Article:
Comparison of the role of subsurface ocean in the east and central Pacific warmings
Lina I. Ceballos, Georgia Institute of Technology, Atlanta, GA; and C. D. Hoyos and E. Di Lorenzo
El Niño – Southern Oscillation (ENSO) is the most important pattern of climate variability on interannual time scales in the Pacific Ocean. It is characterized by a warming of the eastern/central equatorial Pacific that typically starts off the coast of South America and propagates westward to the central Pacific. However, recent studies have shown that the surface warming could also start in the central Pacific, suggesting that there might be different types of warm events. Most of these studies have focus on the evolution of the sea surface temperature anomalies during the different types of warming and very few have focused on the structure of the ocean subsurface temperature. Using both SODA and ECMWF subsurface temperature data, the role of the subsurface temperature in the development and evolution of the central Pacific warming is explored. Special emphasis will be placed on determine whether the central Pacific warming involve subsurface wave dynamics as the canonical El Niño events or if it is controlled by surface variability rather than by subsurface variability. The role of the atmospheric forcing is also explored by setting ocean modeling experiments to represent the evolution of the ocean during the different warming events.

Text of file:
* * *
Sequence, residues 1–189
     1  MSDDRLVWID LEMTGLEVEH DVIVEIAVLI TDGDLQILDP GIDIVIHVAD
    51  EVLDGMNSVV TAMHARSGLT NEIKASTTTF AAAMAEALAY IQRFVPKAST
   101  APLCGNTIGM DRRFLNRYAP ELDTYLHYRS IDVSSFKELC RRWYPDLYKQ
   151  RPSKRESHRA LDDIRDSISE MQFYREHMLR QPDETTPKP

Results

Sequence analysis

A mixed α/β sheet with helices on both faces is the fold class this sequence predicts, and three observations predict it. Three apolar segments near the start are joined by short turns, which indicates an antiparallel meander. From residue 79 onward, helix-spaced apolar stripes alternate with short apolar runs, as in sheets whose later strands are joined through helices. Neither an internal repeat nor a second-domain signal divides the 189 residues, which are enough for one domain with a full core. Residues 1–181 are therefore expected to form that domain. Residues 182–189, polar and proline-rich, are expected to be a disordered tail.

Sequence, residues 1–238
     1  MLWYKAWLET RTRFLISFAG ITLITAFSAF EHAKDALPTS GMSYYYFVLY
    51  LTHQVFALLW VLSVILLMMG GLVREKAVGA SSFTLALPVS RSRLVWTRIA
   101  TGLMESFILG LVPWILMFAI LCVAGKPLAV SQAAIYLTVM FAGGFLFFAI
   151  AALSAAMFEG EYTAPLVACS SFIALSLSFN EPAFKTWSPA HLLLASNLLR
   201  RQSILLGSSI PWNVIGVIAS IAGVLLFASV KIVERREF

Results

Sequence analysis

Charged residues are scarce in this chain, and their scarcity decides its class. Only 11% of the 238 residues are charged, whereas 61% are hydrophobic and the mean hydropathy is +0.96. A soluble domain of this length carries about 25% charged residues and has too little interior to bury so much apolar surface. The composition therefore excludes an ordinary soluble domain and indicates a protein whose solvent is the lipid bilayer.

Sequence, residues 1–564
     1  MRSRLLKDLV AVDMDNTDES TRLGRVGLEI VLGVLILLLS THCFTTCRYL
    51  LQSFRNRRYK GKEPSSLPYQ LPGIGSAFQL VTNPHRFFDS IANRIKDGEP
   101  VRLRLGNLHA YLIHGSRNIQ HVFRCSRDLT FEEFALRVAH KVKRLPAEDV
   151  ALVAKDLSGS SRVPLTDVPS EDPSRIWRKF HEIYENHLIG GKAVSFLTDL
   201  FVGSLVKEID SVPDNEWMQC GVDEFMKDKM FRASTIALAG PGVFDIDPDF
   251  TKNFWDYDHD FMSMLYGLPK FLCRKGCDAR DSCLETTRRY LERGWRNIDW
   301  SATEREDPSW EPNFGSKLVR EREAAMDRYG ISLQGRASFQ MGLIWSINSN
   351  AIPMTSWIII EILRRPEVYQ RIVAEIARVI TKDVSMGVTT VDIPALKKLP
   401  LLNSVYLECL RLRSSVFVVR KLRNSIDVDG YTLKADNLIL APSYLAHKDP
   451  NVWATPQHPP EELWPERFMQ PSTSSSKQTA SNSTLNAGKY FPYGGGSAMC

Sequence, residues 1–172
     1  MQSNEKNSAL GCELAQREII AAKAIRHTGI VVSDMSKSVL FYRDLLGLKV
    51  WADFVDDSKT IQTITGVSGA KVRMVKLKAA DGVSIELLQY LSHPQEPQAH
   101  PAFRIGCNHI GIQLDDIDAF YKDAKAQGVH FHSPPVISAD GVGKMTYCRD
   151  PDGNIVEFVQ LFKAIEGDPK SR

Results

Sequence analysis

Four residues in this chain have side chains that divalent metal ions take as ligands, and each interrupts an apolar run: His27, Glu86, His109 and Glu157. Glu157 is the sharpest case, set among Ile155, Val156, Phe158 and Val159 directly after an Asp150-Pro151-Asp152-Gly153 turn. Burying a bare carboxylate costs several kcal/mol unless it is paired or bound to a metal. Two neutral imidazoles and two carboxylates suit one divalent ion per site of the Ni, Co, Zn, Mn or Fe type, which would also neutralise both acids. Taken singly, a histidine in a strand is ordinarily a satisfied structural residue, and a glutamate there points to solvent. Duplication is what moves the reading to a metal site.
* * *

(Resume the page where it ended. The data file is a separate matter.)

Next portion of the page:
Poster Session 1, Posters: TCs and Climate, Monsoons, HFIP, TC Formation, Extratropical Transition, Industry Applications, TC Intensity, African Climate and Weather
Tuesday, 11 May 2010, 3:30 PM-5:15 PM, Arizona Ballroom 7
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